Karl Rahner, S.J., studied theology under Martin Heidegger, then taught dogmatics in Catholic unversities in Munich and Innsbruck, Germany, between 1937 and 1984. He wrote more than a half-dozen books and was an observer at Vatican Council II in 1962-1965.
This book originally appeared in 1958. This edition was published in West Germany by Herder K.G., in 1965. Translated by W. J. O’Hara. Prepared for Religion Online by Rev. Herbert F. Lowe.
(ENTIRE BOOK) A famous Catholic theologian deals with the position of Catholic theology in regard to hominisation, the theory of man’s evolutionary origins.
The Preface describes the limits within which the book must deal as it concentrates on the position of Catholic theology in regard to hominisation, the theory of man’s evolutionary origins. The central concern is the relation of the Catholic scientist and his/her findings to the official teaching of the Church. The Church’s toleration of a moderate theory of evolution leaves many questions unanswered and raises new ones. The book attempts a small advance toward some answers and a clearer recognition of what is still open to question.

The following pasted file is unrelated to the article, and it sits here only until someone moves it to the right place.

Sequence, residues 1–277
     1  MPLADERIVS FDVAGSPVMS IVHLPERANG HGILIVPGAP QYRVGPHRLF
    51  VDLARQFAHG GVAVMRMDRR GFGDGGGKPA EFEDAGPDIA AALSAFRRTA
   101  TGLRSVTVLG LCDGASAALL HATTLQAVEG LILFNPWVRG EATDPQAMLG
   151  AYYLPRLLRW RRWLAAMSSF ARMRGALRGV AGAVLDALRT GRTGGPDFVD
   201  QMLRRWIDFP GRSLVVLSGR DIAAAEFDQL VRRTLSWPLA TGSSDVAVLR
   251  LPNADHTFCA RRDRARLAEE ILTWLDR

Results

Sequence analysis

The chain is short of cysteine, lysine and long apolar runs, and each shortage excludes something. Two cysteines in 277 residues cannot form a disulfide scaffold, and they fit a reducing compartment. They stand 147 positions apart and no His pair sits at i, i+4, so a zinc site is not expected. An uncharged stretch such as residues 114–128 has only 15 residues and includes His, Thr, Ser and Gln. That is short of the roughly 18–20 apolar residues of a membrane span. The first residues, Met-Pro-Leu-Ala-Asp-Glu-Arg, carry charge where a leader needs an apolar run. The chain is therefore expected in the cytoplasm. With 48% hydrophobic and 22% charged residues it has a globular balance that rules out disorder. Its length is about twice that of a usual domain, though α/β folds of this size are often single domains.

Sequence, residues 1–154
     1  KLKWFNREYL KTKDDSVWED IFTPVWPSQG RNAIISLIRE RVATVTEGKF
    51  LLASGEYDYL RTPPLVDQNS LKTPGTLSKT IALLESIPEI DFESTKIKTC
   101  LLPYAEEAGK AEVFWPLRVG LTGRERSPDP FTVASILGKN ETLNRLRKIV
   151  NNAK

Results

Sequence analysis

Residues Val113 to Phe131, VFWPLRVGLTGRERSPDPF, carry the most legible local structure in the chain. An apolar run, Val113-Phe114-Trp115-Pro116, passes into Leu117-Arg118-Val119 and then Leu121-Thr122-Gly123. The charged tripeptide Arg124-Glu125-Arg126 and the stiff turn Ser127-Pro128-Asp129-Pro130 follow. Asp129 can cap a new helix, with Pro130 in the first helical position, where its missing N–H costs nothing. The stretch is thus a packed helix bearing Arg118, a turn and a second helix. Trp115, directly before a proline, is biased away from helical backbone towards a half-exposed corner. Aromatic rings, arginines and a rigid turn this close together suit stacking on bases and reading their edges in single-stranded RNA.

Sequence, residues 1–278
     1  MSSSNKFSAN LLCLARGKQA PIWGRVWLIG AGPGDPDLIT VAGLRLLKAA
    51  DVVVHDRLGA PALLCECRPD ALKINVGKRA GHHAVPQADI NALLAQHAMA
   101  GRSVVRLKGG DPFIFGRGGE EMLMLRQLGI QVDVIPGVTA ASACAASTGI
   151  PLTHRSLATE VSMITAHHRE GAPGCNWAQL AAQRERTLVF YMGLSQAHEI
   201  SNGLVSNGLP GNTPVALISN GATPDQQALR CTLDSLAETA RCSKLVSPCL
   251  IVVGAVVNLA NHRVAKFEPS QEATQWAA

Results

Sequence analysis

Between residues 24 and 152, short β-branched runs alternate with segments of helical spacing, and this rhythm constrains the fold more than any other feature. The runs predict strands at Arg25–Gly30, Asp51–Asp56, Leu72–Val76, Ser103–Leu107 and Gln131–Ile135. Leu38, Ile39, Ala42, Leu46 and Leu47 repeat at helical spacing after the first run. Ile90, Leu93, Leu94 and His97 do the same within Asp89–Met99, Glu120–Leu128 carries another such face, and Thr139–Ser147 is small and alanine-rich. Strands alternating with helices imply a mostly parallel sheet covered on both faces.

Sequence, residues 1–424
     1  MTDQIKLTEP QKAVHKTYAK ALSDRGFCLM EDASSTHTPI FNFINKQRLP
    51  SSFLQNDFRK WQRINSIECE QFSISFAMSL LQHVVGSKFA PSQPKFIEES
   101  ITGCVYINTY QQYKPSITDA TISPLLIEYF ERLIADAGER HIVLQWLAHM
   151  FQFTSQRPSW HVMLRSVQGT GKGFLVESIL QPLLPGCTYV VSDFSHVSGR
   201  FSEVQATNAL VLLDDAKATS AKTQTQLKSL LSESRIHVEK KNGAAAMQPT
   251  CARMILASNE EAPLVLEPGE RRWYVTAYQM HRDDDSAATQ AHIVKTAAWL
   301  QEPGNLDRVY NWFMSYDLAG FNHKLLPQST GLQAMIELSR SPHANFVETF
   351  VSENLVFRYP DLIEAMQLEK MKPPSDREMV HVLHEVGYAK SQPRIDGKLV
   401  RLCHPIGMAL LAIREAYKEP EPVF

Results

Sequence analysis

- Section One
This section aims is to show clearly from the declarations of the Catholic Church what a Catholic scientist may or may not say as a Christian in the matter of evolution.
- Section Two
This section examines the reasons for the official teachings of the church presented in the previous section. These reasons are linked with what Scripture has to say about the origins of man that allow a neutral or even permissive attitude to modern evolutionary theory. The question is what is the source of the knowledge that the author of Genesis had of what he reports, or how was it known to the sources which he incorporated into his work under the light and protective guarantee of inspiration? Rahner’s answer is that he knew it as historical aetiology. The meaning of that term is presented at length as is its application to Genesis.
- Section Three
The third section, fifty percent longer than the first two together, considers several theological and philosophical questions raised by the relation between sacred theology and contemporary evolutionary theory, They include the distinction between spirit and matter, the unity of spirit and matter, the concepts of becoming, of cause and of operation, the creation of the spiritual soul, the insights of Aristotelian scholasticism, and the biblical narrative of man’s origin as it relates to the theory of evolution.